No pattern of trends across Europe could be ascertained. The lowest prevalence of obesity was found in Azerbaijan (2%) and Albania (4%), while the prevalence in Bulgaria, Italy, Kyrgyzstan, The Netherlands, Norway, Switzerland and Tajikistan were all <15% of the total population by 2025, though with vastly varying data quality. In Croatia, Georgia, Greece, Ireland, Kazakhstan, Romania and Serbia, obesity prevalence was projected to be ≥40% of the total population by 2025, though again with varying data quality meaning that the errors on some of these estimates were large. This study therefore builds on the work of the NCD-RisC estimates [4] and Global Burden of Disease study [28] by providing projections into the future and exploring the extent to which countries are likely to meet the WHO target. Annex 3 (available at http://content.karger.com/ProdukteDB/produkte.asp?doi=492115) provides a detailed comparison of our estimates with those of the WHO [29] showing they are broadly similar.

These projections indicate that the Member States in the WHO European Region are unlikely to meet the global obesity target to halt obesity at 2010 levels by 2025, adopted during the World Health Assembly in 2013. As a consequence, if the trajectory continues as projected, the rates of disease burden in Europe and the healthcare cost of its associated NCDs are also predicted to rise [4]. The results of this projection exercise demonstrates the importance of implementing policies on improving the food environment and the built environment to prevent and manage obesity and evaluating those that have been implemented.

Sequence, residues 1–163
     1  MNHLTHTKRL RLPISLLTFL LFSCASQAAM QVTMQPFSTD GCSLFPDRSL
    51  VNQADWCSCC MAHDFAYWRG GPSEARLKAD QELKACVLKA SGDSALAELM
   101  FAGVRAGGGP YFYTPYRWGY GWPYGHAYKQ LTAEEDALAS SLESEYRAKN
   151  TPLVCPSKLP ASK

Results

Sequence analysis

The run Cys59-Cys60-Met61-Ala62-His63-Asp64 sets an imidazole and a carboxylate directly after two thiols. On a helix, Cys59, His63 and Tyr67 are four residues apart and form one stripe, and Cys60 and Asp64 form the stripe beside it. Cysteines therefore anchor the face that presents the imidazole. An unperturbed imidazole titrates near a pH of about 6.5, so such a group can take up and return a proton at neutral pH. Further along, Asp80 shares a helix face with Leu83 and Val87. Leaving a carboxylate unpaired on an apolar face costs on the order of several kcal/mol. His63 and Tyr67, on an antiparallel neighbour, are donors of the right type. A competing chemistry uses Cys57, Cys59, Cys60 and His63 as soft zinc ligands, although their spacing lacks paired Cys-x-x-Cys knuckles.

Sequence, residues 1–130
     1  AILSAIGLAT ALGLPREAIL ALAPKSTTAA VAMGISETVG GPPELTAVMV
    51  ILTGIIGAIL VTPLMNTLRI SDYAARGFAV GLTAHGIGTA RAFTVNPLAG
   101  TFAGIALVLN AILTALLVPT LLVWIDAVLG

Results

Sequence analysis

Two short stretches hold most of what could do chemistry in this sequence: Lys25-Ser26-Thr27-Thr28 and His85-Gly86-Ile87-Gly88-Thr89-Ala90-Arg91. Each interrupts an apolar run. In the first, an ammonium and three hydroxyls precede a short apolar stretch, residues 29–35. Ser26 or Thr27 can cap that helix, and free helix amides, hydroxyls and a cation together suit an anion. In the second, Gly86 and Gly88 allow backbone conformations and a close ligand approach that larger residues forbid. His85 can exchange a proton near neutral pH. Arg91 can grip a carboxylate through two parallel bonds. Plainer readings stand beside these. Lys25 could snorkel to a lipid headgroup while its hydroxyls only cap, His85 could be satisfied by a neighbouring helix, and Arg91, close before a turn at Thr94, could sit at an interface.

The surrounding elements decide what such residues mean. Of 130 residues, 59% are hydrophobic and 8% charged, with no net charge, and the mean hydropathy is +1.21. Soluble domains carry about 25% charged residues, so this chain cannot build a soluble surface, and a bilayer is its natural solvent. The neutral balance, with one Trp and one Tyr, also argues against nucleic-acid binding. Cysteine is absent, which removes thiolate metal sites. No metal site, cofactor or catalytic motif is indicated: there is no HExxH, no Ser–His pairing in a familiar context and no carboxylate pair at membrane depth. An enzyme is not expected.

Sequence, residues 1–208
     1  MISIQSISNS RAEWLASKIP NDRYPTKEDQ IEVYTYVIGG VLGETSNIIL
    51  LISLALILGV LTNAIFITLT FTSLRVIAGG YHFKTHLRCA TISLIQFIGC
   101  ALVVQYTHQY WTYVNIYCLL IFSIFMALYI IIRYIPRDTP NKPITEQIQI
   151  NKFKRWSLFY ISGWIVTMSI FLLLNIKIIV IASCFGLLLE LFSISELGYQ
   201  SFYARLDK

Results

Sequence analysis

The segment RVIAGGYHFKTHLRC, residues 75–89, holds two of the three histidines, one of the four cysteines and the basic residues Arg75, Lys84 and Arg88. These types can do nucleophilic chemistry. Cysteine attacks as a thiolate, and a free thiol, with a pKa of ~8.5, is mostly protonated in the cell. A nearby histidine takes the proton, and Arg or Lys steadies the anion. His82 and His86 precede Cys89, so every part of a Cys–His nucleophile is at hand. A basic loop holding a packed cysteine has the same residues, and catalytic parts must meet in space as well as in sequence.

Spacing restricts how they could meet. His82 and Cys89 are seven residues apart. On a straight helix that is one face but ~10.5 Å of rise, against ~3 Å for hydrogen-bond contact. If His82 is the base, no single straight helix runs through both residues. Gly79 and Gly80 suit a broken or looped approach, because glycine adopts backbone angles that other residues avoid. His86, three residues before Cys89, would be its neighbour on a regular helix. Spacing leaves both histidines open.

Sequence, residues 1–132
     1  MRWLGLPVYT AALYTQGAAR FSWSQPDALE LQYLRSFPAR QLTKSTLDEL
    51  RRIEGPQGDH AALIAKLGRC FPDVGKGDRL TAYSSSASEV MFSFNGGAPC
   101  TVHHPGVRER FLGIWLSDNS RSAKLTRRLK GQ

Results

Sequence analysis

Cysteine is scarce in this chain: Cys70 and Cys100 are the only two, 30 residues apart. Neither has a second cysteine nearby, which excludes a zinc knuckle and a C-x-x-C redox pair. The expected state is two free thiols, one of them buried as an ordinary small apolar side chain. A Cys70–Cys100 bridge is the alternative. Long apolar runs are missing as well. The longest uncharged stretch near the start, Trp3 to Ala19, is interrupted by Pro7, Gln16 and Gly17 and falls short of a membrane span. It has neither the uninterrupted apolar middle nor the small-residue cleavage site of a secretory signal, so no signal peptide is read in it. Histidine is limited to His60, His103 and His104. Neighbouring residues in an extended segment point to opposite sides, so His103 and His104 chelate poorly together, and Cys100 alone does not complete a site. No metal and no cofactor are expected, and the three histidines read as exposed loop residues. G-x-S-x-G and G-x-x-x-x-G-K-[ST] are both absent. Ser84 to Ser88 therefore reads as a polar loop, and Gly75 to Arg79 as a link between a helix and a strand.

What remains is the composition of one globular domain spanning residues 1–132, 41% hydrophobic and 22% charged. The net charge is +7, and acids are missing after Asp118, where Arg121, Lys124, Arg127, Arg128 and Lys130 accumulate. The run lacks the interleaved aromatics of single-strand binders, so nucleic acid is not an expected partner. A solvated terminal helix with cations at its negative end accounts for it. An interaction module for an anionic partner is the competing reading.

Research indicates that upstream policies to change elements in the daily environment and combine actions for diverse sectors are likely to be more effective than policies that address personal responsibility exclusively [30,31,32,33]. The increased availability and affordability of sugar-sweetened beverages and foods high in saturated fats, sugars and/or salt and increased portion sizes have played important roles in increasing the prevalence of obesity [11,34,35]. Policies for reducing consumer demand and improving the nutritional quality of food will probably improve diets. Similarly, poor maternal nutrition leading to excess body weight before, during and after pregnancy plus insufficient breastfeeding and inappropriate complementary feeding also play a role in the development of obesity [36].